Objective: To investigate the inflammatory markers associated with short-term endotracheal intubation in healthy surgical patients.
Design: An observational and prospective study of subjects scheduled for same-day surgery procedures.
Setting: Level I trauma center.
Patients: Fourteen healthy patients intubated for same-day surgery procedures. The median duration of surgery was 3 hours.
Interventions: Serial lavages above the tracheal cuff were obtained at the beginning of surgery, at 1 hour, and at the end of surgery; samples were assayed for cellular counts and levels of cytokines and complement 5a (C5a).
Results: The total number of polymorphonuclear cells (PMNs) increased almost 10-fold from intubation to extubation (P < .01). The levels of 3 of the cytokines measured in tracheal lavage supernatants were significantly elevated over the time of intubation: tumor necrosis factor (TNF) (P < .01), interleukin 6 (IL-6) (P < .01), and IL-1β (P < .025). Levels of IL-8 showed an upward trend over time but were not significantly increased; C5a levels were significantly elevated over time (P < .05).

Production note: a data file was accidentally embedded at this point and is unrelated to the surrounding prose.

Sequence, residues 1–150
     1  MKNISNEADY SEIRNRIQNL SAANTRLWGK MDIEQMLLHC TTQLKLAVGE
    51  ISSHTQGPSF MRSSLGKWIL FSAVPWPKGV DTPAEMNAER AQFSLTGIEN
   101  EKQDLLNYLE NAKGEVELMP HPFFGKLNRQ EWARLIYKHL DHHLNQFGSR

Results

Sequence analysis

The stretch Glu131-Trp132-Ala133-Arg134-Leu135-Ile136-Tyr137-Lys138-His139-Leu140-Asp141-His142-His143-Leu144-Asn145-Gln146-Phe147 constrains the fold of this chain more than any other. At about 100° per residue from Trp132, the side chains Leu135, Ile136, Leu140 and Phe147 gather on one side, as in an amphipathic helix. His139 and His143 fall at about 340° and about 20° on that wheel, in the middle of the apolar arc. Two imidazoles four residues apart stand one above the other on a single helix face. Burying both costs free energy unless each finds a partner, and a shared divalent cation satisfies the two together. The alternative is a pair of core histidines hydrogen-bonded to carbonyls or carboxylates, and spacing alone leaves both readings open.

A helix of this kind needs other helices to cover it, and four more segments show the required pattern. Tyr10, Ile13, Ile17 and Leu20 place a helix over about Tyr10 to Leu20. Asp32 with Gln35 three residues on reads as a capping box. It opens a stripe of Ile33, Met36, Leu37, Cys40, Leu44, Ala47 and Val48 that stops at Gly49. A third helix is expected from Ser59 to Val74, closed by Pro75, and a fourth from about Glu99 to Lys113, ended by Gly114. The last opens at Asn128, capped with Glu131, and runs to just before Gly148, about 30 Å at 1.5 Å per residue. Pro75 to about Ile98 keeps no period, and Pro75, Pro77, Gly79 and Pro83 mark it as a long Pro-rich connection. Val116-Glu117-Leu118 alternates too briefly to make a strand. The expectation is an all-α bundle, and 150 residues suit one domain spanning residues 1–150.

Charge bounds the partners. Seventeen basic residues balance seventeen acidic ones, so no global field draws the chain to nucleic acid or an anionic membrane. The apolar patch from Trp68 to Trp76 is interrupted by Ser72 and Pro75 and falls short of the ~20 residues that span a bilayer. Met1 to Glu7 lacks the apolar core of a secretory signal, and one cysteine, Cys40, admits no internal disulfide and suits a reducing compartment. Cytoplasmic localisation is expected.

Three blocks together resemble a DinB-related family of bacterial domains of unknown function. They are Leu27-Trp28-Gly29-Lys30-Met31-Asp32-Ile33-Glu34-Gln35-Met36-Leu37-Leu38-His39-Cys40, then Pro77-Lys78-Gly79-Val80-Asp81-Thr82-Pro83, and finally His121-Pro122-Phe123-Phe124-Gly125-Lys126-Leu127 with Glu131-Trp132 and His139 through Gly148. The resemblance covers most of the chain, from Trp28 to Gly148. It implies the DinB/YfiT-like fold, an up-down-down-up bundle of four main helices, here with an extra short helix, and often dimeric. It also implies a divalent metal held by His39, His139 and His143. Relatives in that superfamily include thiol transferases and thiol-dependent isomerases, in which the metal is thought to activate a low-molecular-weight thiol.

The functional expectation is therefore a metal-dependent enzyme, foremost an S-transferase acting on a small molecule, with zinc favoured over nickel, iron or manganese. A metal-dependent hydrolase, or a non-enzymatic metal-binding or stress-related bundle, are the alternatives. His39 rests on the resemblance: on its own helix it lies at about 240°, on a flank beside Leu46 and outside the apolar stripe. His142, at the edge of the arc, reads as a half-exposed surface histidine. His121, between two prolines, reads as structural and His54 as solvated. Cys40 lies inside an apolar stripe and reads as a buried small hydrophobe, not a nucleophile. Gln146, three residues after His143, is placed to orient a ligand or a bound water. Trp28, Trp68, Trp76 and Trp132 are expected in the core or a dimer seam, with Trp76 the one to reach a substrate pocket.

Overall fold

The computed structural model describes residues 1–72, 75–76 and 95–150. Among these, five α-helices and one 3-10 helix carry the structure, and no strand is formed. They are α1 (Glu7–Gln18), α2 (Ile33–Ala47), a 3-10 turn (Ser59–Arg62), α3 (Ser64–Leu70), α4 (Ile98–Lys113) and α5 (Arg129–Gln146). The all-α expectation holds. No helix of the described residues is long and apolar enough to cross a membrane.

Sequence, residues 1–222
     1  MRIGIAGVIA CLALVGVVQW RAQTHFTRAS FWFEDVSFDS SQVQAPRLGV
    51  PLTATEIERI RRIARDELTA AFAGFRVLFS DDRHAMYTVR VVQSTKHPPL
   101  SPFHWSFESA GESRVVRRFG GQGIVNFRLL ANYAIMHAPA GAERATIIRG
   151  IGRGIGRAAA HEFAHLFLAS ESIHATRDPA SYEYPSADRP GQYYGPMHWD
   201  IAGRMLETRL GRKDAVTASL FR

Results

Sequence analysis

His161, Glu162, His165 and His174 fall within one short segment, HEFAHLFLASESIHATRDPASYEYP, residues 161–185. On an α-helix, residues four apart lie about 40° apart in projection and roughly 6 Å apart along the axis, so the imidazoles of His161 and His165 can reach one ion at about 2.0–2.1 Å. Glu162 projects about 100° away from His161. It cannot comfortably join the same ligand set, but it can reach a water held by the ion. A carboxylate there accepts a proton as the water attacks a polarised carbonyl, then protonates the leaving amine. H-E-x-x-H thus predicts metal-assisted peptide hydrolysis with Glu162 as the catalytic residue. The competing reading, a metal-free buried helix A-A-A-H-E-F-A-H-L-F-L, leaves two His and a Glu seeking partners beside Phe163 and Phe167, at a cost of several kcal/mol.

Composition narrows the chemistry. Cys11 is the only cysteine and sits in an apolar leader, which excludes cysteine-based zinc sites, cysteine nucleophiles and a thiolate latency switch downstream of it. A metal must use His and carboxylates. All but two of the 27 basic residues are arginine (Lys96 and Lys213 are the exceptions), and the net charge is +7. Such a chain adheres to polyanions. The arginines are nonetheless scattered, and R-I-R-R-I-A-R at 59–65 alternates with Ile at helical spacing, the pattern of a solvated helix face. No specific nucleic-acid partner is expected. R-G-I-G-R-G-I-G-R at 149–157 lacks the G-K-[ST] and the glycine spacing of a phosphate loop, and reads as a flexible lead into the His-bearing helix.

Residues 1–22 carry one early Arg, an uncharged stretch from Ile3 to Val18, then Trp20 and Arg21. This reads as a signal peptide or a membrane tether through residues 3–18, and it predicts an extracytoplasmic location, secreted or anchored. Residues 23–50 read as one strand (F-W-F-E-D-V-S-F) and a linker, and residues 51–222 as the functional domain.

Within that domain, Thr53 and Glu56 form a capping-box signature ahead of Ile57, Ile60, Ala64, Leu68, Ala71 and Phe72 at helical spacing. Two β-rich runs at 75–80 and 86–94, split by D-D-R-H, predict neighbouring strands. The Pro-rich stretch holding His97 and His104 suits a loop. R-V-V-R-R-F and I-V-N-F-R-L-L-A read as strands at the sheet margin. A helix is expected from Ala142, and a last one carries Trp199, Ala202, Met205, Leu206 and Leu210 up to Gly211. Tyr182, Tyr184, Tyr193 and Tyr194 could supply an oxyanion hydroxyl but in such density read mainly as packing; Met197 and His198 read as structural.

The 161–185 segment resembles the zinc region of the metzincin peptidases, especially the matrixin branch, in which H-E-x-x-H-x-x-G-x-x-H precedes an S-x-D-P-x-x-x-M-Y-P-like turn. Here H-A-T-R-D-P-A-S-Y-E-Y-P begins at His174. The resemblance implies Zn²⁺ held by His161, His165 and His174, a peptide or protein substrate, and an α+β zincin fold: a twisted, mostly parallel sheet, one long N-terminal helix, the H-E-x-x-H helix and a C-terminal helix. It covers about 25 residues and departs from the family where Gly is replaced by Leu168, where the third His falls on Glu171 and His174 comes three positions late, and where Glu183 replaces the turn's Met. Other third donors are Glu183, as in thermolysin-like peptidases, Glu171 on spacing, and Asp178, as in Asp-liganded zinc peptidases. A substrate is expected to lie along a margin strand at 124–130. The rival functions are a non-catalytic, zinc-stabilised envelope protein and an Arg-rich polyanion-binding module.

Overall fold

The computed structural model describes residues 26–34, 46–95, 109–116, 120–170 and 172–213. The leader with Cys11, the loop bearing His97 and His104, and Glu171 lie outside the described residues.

Conclusions: Short-term intubation in healthy patients resulted in significant tracheal inflammation. Involvement of the innate immune system as documented in the present study provides information that may help to better understand the pathophysiologic characteristics of subglottic stenosis and other endotracheal injuries secondary to endotracheal intubation.